- A genus of large, heavy-bodied roundworms parasitic in the small intestine; abundant in humans and many other vertebrates. [G. askaris, an intestinal worm]- A. equorum SYN: Parascaris equorum.- A. lumbricoides a large roundworm of humans, one of the commonest human parasites (8–12 inches in length); various symptoms such as restlessness, fever, and sometimes diarrhea are attributed to its presence, but usually it causes no definite symptoms; the similar species, A. suum (or A. lumbricoides suum) is very common in swine, but is not readily transmitted to humans, and vice versa; the types are morphologically and immunologically similar but apparently are host-adapted types, considered distinct species or races.
* * *as·ca·ris 'as-kə-rəs n1) cap a genus of Ascaridae comprising nematode worms having a 3-lipped mouth, resembling earthworms in size and superficial appearance, and including one (A. lumbricoides) parasitic in the human intestine2) pl as·car·i·des ə-'skar-ə-.dēz ASCARID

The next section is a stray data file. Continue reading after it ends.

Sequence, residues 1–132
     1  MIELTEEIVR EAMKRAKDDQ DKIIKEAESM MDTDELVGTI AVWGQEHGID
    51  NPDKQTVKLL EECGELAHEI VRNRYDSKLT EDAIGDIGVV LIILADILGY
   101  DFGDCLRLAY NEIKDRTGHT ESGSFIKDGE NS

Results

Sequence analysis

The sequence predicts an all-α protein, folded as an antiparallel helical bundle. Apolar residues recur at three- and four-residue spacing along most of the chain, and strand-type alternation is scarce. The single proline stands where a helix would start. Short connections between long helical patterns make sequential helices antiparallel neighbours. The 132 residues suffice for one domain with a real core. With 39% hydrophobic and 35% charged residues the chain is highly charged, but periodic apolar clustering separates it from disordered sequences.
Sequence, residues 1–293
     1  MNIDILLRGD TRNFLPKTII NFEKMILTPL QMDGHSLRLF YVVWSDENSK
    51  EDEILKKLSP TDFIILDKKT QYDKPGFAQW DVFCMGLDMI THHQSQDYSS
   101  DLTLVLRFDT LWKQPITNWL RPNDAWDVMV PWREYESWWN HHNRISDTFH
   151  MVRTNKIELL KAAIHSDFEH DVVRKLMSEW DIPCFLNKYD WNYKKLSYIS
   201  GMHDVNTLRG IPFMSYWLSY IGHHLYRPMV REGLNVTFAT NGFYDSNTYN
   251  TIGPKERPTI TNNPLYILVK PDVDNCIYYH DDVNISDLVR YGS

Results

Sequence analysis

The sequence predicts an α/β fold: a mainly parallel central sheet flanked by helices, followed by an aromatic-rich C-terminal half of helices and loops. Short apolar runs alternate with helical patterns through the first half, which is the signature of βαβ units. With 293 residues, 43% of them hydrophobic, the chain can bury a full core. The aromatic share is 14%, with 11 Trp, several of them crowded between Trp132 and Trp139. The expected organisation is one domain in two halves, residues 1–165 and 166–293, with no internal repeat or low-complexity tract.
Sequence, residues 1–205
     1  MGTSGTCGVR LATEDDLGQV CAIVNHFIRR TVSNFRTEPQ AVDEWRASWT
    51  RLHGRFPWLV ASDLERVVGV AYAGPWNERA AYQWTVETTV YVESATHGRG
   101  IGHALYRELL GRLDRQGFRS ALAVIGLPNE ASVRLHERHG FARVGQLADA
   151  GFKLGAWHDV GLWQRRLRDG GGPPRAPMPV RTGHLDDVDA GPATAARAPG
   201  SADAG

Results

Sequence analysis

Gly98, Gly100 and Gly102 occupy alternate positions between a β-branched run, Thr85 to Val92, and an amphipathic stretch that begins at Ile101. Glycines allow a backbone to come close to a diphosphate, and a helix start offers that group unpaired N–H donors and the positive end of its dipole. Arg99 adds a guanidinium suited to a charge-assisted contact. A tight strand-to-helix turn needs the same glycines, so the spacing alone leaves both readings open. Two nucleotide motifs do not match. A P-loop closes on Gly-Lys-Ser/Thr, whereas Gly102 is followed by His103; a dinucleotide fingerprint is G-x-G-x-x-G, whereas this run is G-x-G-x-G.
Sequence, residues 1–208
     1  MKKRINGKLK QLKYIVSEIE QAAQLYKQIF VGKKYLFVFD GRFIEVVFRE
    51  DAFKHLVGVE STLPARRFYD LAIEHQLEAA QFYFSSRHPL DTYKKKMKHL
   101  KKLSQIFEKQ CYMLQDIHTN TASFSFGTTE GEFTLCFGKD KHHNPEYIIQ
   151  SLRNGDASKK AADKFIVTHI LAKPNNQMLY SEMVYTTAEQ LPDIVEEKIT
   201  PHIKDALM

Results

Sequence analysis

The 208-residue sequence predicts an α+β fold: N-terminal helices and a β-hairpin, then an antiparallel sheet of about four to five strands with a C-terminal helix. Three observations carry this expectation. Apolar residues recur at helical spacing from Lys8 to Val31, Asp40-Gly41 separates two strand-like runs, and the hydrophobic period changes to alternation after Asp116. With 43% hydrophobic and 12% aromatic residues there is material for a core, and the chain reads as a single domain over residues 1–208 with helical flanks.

* * *n.a genus of parasitic nematode worms. A. lumbricoides, widely distributed throughout the world, is the largest of the human intestinal nematodes - an adult female measures up to 35 cm in length. Eggs, passed out in the stools, may be transmitted to a new host in contaminated food or drink. Larvae hatch out in the intestine and then undergo a complicated migration, via the hepatic portal vein, liver, heart, lungs, windpipe, and pharynx, before returning to the intestine where they later develop into adult worms (see also ascariasis).
* * *As·ca·ris (asґkə-ris) [L., from Gr. askaris] a genus of large intestinal nematode parasites of the family Ascarididae.
Medical dictionary. 2011.